Quote:
NSA’s backdoor catalog exposed: Targets include Juniper, Cisco, Samsung, Huawei

https://gigaom.com/2013/12/29/nsas-backdoor-catalog-exposed-targets-include-juniper-cisco-samsung-and-huawei/

^ They backdoored firewalls, the irony!




So, a security company named RSA, has made the encryption for the Intel chip and the same company has received money from NSA to basically make an encryption with code from NSA, including backdoor.

So, if anything, one may have some doubts, about how "independent" to NSA pressures this company is...


So, i don't know if the Intel chip is or can be controlled by NSA, but surely, the love of NSA towards hardware backdoors and encryption backdoors, is not disputed. Thus, i don't know if NSA CAN currently control the chip, but i sure think they 'd love to!
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post #83 of 139
Quote:
Originally Posted by clao View Post

well good thing I went with AMD ...

Notice that everything AMD from Family 16h onwards comes with PSP (Platform Security Processor), AMD's variation on the Intel's ME theme.
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post #84 of 139
This is how the NSA primarily works. They FUND research and programs for security, so those adopted programs and techniques get back-doored by them.

If Intel cared or, maybe wasn't under some contract with the NSA, they'd let independent developers write their own code for it.
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post #85 of 139
I thought this had plenty of options to disable it and such in the bios? Even if bios no longer has those options, couldn't someone just block the ports this tries to send data on in the router? If it even has external communication abilities, I thought it was only able to send/receive over LAN.

oh nope, it can do external now too:
Quote:
AMT version 4.0 and higher can establish a secure communication tunnel between a wired PC and an IT console outside the corporate firewall.[1][25] In this scheme, a management presence server (Intel calls this a "vPro-enabled gateway") authenticates the PC, opens a secure TLS tunnel between the IT console and the PC, and mediates communication.[1][26] The scheme is intended to help the user or PC itself request maintenance or service when at satellite offices or similar places where there is no on-site proxy server or management appliance.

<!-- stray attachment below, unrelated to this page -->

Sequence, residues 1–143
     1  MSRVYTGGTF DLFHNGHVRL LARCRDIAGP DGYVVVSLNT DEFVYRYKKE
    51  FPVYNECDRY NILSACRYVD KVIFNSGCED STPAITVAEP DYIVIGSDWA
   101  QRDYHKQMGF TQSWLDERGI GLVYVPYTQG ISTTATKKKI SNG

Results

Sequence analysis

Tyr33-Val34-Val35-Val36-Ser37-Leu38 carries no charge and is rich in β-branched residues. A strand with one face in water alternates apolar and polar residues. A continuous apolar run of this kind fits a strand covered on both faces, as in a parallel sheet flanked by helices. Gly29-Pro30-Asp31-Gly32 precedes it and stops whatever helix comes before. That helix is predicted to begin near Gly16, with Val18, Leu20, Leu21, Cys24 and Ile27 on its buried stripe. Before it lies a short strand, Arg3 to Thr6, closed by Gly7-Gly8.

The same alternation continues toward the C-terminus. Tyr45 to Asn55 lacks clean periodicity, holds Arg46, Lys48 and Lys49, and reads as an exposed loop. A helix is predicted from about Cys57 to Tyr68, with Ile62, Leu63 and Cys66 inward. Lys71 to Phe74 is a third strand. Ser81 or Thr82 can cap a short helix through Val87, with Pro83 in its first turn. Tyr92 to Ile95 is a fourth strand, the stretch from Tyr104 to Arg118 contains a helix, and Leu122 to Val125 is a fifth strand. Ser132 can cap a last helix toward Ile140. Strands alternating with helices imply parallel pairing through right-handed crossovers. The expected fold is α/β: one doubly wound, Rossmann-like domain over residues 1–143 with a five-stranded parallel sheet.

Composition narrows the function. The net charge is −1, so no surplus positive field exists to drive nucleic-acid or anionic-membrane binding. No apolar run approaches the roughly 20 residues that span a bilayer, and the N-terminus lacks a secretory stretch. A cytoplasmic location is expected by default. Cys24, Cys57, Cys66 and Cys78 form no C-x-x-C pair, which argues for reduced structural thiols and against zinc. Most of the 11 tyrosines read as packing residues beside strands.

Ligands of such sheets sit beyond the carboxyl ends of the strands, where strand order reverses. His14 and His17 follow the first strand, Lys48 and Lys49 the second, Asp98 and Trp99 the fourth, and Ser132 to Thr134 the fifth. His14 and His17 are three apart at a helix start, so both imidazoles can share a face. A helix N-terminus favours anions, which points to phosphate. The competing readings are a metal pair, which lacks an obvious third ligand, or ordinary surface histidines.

There is also this though:
Quote:
Because AMT allows access to the PC below the OS level, security for the AMT features is a key concern.

Security for communications between Intel AMT and the provisioning service and/or management console can be established in different ways depending on the network environment. Security can be established via certificates and keys (TLS public key infrastructure, or TLS-PKI), pre-shared keys (TLS-PSK), or administrator password.[1][2]

Security technologies that protect access to the AMT features are built into the hardware and firmware. As with other hardware-based features of AMT, the security technologies are active even if the PC is powered off, the OS is crashed, software agents are missing, or hardware (such as a hard drive or memory) has failed

Edited by EniGma1987 - 6/20/16 at 1:16pm
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post #86 of 139
What if you use a different NIC than the Intel one?
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post #87 of 139
Quote:
Originally Posted by EniGma1987 View Post

I thought this had plenty of options to disable it and such in the bios? Even if bios no longer has those options, couldn't someone just block the ports this tries to send data on in the router?

I don't know about Intel BIOS. About router, see previous pages, same question was made. To put it otherwise. When you get infected these days, there is always a chance, that you got delivered a software rootkit. By definition, a rootkit hides from the OS. This means, that even if you manage to detect it at some point, you can never be certain 100% on what it has done in the meantime. Your PC may have become a puppet for all you know. Thus, the advice in any doubt is "format". This is the only way to be 100% certain that nothing was left behind after an antivirus "cleanup" (antiviruses and cleanup is always a thing that goes well together). Actually, you should format and make sure you also overwrite the MBR, because there have been rootkits that install themselves on the MBR, so they are immune to any kind of image restore for example, that doesn't include the MBR too.

If you get hardware rootkit, there is no format you can do. Routers are good from protecting you from the outside world. Not much help if you get infected.
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post #88 of 139
Quote:
Originally Posted by umeng2002 View Post

What if you use a different NIC than the Intel one?

If the NIC has support for Intel ME then it will pass through the commands as well. Im betting that is pretty much all of them.



Edit:
Quote:
Originally Posted by Undervolter View Post